The Quest for a Better Battery
As the need for lithium-ion batteries in consumer electronics, electric vehicles, and aerospace industries continues to grow, so does the need for a safer and more efficient rechargeable battery solution. Li-ion batteries contain dangerous pressurized flammable liquid electrolytes that are known to ignite under some conditions. Even though solid state li-ion batteries are considered to be the next generation solution due to their potential to produce three times the energy density of a typical battery as well as containing non-flammable electrolytes, the high cost of their manufacture remains a big challenge.
Professors Eric Wachsman and Liangbing Hu at University of Maryland Energy Research Center (UMERC) and Associate Professor of Chemistry at the University of Calgary Venkataraman Thangadurai designed an intrinsically safe, low-cost, high-energy solid state li-ion battery that reduces manufacture costs dramatically. This battery cannot catch fire and has a greater energy density, meaning that electric cars can go farther on a single charge and thus reduce users’ range anxiety.
Professors Wachsman and Hu share their excitement about being nominated. “It is great to be recognized by the University for our contribution,” says Wachsman. Professor Hu feels honored to be recognized as part of a great community of researchers at UMD.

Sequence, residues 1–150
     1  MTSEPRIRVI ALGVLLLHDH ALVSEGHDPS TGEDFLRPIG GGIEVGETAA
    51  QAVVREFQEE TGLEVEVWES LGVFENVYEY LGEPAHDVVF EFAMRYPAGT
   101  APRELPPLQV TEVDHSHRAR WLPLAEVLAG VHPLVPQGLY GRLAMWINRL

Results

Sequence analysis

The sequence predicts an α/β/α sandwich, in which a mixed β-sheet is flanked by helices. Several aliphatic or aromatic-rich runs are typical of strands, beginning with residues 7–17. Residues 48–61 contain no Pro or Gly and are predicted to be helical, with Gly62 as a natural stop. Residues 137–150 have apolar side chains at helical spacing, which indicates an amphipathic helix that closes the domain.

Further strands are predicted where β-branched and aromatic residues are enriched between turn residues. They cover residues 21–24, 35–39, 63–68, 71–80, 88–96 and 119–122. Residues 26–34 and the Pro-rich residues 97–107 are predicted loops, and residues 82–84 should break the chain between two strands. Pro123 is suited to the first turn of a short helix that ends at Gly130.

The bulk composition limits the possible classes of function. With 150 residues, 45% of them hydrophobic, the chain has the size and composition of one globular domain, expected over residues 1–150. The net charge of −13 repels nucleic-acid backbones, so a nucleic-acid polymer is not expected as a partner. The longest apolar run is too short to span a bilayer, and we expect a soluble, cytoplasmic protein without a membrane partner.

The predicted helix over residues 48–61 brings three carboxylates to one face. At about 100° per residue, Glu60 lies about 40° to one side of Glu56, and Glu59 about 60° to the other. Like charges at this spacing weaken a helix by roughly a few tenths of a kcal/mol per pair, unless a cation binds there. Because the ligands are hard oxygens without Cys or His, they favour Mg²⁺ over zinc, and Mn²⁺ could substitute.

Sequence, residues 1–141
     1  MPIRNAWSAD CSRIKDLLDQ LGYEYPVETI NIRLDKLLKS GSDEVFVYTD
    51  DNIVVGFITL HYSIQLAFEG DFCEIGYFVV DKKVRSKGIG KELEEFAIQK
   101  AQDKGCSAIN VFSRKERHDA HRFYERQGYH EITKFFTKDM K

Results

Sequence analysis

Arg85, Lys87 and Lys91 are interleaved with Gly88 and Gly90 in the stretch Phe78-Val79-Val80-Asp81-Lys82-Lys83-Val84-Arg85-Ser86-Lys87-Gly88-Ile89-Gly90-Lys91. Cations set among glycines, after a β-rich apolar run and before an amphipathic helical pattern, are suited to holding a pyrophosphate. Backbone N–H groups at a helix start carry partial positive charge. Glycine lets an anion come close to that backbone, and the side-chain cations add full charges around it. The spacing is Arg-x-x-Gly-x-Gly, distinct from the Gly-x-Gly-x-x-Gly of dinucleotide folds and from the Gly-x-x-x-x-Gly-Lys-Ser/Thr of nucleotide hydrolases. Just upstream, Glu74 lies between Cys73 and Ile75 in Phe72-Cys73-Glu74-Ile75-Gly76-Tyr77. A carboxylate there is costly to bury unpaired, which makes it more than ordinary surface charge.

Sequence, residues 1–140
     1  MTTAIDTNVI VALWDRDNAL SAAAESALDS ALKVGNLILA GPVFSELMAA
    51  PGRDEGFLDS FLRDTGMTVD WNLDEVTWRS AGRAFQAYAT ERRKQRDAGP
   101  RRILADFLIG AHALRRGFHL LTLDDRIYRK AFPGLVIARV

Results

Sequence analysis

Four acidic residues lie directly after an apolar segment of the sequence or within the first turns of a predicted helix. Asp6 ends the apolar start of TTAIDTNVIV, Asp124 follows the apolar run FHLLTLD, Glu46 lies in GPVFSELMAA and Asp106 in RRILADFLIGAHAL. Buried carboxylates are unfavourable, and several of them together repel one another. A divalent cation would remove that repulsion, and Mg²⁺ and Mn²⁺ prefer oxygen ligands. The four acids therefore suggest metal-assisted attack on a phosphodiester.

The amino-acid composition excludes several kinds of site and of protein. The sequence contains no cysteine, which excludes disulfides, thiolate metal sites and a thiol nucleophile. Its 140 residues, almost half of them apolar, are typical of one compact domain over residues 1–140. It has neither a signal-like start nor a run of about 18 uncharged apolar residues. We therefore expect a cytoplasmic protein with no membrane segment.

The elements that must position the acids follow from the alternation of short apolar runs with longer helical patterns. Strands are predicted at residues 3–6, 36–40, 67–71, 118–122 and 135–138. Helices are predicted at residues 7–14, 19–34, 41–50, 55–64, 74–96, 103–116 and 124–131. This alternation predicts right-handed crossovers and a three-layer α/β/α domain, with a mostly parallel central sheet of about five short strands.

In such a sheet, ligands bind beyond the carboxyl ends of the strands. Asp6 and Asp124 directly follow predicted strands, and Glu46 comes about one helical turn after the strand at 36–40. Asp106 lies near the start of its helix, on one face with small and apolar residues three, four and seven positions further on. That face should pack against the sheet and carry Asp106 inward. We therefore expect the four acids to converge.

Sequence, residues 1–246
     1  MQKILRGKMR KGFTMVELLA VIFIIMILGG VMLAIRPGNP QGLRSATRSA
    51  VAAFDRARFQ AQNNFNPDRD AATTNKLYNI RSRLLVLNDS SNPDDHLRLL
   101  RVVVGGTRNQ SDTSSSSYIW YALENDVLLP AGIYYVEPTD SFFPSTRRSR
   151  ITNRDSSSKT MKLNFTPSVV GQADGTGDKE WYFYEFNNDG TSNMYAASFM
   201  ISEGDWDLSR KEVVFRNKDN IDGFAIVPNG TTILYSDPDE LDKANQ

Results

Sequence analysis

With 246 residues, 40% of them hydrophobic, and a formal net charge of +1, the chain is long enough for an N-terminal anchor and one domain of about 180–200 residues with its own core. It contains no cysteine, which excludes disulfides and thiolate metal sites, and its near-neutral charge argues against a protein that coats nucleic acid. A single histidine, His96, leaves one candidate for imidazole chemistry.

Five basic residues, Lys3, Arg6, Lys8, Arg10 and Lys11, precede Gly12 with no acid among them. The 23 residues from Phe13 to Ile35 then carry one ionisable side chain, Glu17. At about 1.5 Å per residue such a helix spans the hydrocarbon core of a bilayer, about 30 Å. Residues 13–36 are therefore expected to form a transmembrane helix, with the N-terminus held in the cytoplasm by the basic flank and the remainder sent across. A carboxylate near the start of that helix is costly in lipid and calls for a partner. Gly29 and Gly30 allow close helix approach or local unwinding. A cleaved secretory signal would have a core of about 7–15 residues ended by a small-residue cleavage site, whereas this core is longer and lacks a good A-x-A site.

Professor Hu also explains that a few issues remain to be solved with respect to producing a fully successful li-ion solid state battery. “There are a few challenges, one of which is the interface impedance. We are working together to solve this challenge by using various interface layers,” says Hu. Unlike traditional batteries, solid state batteries do not have a middle layer made of liquid material. Typically, this liquid material, although dangerous, allows for easy recycling of batteries. Professors Wachsman and Hu are working to make their solid state battery easily rechargeable by creating a better interface among all the solid layers in the battery. They remain optimistic about the great potential in their invention.
April 15, 2014